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Thursday, 26 July, 2001, 16:16 GMT 17:16 UK
Bush to counter Iraq 'menace'
U2 spy plane
U2 spy plane was 'close to' being shot down
President George W Bush says the United States will continue putting pressure on Iraq after the Iraqi military nearly hit a high-altitude American U-2 spy plane with a missile this week.


There is no question that Saddam Hussein is still a menace and a problem, and the US and our allies must put the pressure on him

President Bush
"The no-fly zone is still in place. Plus, I'm analysing the data from the incident," Mr Bush told reporters.

"There is no question that Saddam Hussein is still a menace and a problem. And the United States and our allies must put the pressure on him," he added.

The spy plane incident happened on Tuesday, according to Pentagon officials, who fear that the Iraqis may have improved their ability to strike at unarmed reconnaissance planes.

The plane was close enough to observe the Iraqi missile as it flew a reconnaissance mission, a Pentagon official said, speaking on condition of anonymity.

Danger growing

The US Defence Secretary, Donald Rumsfeld, has been warning for some time now that American and British pilots face an increased danger from Iraqi defences.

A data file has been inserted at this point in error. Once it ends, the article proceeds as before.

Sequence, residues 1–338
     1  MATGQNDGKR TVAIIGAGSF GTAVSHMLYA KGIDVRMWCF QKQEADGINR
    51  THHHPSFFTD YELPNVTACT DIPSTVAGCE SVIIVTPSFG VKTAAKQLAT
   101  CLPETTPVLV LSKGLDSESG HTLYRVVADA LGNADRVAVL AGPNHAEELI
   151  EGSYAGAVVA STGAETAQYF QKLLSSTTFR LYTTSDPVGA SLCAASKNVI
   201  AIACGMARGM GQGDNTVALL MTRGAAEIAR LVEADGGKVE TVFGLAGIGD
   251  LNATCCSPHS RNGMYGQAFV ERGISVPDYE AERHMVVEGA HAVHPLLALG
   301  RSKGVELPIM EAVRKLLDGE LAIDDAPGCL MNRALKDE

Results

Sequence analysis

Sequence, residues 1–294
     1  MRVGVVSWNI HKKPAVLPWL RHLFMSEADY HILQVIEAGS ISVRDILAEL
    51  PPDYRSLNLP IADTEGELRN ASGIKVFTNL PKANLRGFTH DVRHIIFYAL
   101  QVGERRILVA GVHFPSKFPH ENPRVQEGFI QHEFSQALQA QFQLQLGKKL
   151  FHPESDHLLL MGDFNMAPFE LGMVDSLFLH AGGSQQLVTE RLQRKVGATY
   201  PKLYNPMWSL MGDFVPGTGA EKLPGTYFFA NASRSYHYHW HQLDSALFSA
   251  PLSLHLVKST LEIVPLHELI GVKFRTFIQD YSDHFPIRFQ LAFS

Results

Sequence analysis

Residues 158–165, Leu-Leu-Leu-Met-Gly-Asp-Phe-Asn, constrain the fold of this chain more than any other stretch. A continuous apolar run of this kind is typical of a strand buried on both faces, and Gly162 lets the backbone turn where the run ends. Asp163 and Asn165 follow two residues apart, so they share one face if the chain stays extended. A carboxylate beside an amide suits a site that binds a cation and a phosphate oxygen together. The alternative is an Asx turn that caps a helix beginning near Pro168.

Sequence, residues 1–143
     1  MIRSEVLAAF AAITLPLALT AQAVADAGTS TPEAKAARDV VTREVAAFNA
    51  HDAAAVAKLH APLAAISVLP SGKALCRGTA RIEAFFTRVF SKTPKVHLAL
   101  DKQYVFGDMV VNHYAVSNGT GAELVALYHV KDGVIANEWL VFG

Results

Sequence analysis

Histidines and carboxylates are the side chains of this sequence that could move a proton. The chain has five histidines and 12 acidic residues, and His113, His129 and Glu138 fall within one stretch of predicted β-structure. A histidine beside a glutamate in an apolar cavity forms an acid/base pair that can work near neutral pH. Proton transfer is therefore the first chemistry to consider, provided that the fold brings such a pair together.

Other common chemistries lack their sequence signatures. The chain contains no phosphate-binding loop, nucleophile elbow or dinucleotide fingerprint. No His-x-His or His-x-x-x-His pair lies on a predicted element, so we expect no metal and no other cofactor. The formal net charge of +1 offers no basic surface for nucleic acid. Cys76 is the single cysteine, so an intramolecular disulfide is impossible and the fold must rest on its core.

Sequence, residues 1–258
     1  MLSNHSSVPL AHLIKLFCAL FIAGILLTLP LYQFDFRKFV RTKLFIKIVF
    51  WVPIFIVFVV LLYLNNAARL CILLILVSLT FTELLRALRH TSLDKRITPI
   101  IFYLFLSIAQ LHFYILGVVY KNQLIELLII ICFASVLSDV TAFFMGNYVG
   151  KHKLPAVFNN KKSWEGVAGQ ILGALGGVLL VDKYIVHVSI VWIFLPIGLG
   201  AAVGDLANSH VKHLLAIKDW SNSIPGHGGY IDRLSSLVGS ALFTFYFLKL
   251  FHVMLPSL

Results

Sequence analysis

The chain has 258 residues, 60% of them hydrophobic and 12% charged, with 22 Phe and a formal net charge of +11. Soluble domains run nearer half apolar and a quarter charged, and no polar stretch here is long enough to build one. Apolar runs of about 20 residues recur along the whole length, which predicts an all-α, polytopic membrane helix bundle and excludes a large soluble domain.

Map of no-fly zone
The unarmed U2 spy planes soar through the skies at over 21, 000 metres (70,000 feet) - well out of range of most surface-to-air missile systems.

But, says the BBC's correspondent in Washington, Nick Bryant, officials at the Pentagon now believe the Iraqis have improved their defences, adding extra fuel to their Russian-made missiles to increase their range.

Shock waves

The American pilot was patrolling the no-fly zone in southern Iraq when he saw the missile streaking towards him.

It exploded below and behind him, sending shock waves through the plane but failing to damage it.

Saddam Hussein has long sought to bring down a Western aircraft, and this latest incident could mark a significant shift in tactics, with his forces taking aim at slow-moving reconnaissance planes rather than fast-moving jets.

Already this year, US and British war planes have launched bombing raids on Iraqi missile sites, and further incidents like this one could easily prompt further action from Washington.

See also:

26 Jul 01 | Middle East
Iraq 'nearly downs' US spy plane
17 Feb 01 | Middle East
Iraq defiant over missile attack
03 Jul 01 | Middle East
Iraq escapes 'smart sanctions'
02 Jul 01 | Middle East
Analysis: Iraq wins sanctions battle
29 Jun 01 | Middle East
Iraq outburst over UN sanctions
27 Jun 01 | Middle East
UN deadlock over Iraq sanctions
27 Feb 01 | Middle East
Powell's new plans for Iraq
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